By Angelique F. Ogena
I met Raquel and Donna in a workshop back in May. Both women hold local government positions instrumental to the sustainable management of the Naujan Lake National Park (NLNP). In the workshop, local conservation practitioners, such as Raquel and Donna, were trained on how to sustainably manage NLNP. Part of their work was to develop conservation and income-generating programs for their respective municipalities, which is part of Biodiversity Finance Initiative’s (BIOFIN) localization activities.
BIOFIN work in this area is attempting to generate financing for biodiversity conservation by mainstreaming the Philippine Biodiversity Strategy and Action Plan (PBSAP) Priority Programs into sub-national work and investment plans, enhancing current and proposed plans, programs and projects, applying the BIOFIN methodology, and testing finance solutions at the local level.
The localization is taking place both in Occidental and Oriental Mindoro provinces, and municipalities in Oriental Mondoro surrounding the NLNP were selected as pilot sites. BIOFIN seeks to close the financing gap for biodiversity conservation by developing a methodology to quantify financing needs and piloting solutions to increase investments.
The Naujan Lake National Park is the fifth largest lake in the Philippines covering 22,548 hectares, 24 barangays, and four municipalities. Located in the northeastern part of Mindoro Island, it is recognized as one of the six sites in the country that are listed in the Ramsar List of Wetlands of International Importance.
First declared as a protected area in March 27, 1956, NLNP is an initial component of the National Integrated Protected Area System (NIPAS) established through Republic Act No. 7586 in 1992.
The protected area harbors 613 plant species, 72% of which are indigenous. At least two plant species are endemic to Mindoro Island, while 37 species are endemic to the Philippines. Fourteen species are included in the The National List of Threatened Philippine Plants and their Categories and in the 2012 IUCN Red List of Threatened Species. Four species are in the Critically Endangered category, two in the Endangered category, and seven in the Vulnerable category.
NLNP is also home to several water birds, mammals including the Philippine endemic musky fruit bat and an endangered freshwater crocodile. The lake itself is known for several fish species, two of which are classified as globally threatened (IUCN Red List of Threatened Species) i.e., Stenogobius sp. (Critically Endangered), Puntius hemictenus (Vulnerable).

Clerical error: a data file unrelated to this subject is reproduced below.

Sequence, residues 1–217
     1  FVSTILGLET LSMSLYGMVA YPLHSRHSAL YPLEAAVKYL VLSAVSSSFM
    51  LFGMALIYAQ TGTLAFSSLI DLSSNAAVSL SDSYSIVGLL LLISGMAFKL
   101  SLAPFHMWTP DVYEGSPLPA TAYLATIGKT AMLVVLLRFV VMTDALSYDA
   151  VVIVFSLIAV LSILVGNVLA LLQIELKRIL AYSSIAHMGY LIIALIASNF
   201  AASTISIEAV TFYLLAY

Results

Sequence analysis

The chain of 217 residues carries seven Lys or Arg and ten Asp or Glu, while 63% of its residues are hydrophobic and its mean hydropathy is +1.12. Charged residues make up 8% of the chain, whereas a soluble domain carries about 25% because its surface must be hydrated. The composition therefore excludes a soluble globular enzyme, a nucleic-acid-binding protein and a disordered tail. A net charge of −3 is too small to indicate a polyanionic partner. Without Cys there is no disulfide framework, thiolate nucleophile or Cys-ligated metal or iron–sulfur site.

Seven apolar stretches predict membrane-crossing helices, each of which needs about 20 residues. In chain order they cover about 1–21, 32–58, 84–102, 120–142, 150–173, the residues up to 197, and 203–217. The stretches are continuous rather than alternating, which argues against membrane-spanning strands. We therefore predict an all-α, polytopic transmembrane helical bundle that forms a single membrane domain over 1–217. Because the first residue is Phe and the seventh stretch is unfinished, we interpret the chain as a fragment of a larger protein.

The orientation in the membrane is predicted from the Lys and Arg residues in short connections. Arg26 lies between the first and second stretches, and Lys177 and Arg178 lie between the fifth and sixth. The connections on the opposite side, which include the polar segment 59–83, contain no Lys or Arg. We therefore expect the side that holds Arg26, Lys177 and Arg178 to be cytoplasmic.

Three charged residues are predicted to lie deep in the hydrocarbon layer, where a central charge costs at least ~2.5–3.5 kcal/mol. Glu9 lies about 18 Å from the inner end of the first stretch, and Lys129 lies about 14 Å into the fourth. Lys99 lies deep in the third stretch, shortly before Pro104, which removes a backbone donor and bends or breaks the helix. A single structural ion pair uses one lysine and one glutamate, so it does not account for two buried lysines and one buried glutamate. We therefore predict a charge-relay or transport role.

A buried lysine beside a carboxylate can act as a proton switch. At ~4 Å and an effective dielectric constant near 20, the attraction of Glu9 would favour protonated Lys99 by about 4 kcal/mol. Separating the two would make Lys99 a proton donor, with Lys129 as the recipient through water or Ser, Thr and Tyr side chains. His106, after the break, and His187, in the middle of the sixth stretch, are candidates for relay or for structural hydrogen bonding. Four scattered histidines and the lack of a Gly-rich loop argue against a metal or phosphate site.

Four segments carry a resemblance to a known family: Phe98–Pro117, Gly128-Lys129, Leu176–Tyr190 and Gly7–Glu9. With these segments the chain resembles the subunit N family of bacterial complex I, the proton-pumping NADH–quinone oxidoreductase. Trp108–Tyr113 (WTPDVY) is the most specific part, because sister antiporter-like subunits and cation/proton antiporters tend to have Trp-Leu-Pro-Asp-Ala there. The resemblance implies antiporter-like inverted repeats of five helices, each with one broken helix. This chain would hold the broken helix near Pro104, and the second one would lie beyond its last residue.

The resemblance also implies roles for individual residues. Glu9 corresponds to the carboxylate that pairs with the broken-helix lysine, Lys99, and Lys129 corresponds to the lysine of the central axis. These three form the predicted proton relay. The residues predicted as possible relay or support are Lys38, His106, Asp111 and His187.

Among the major issues in NLNP are the conversion of forests for agricultural use and the booming population of park occupants. These activities cause siltation and pollution to the lake which affect the integrity of the park’s natural resources. Addressing such issues presents a strategic opportunity for women to take part in managing protected areas.
The role of women in the sustainable management of protected areas is indispensable. Several studies have found that incorporating gender as a tool for protected areas and natural resource conservation and sustainable use ensures that women’s and men’s traditional rights over resource use in protected areas are not diminished with the development of projects and programs and strengthens a vision in which men and women can develop the same or complementary activities in relation to nature, and increases opportunities for sustainable activities, such as those women have traditionally carried out or in which they have a particular interest, among many others.
"Women have a critical role in biodiversity management. Emphasis should be given to women such that they should be partners with men in promoting any kinds of activities relating to the Naujan Lake protected area.)” said Raquelita “Raquel” M. Umali.
While many roles of women in natural resource management are not visible, they play a large part. They are innately community leaders, organizing events and pass on environmental messages to other members of family and communities. Women also often manage household natural resources such as plants and fuel wood for example on a daily basis. “If we want to achieve the real development in our area, we need to invest on women. The strength and dedication of women can transform the future generation” said Donna Angeline C. Valdez, Provincial Project Development Officer of Oriental Mindoro.
The on-going localization work of BIOFIN in Oriental Mindoro, particularly for the municipalities inside NLNP will result into concrete conservation plans that are supportive of the country’s national biodiversity targets. Women in conservation, such as Raquel and Donna are vital not only in the planning phase, but also involved in the implementation, monitoring, and evaluation of these programs.
Angelique F. Ogena is the Information and Communications Assistant, Biodiversity Finance Initiative, Philippines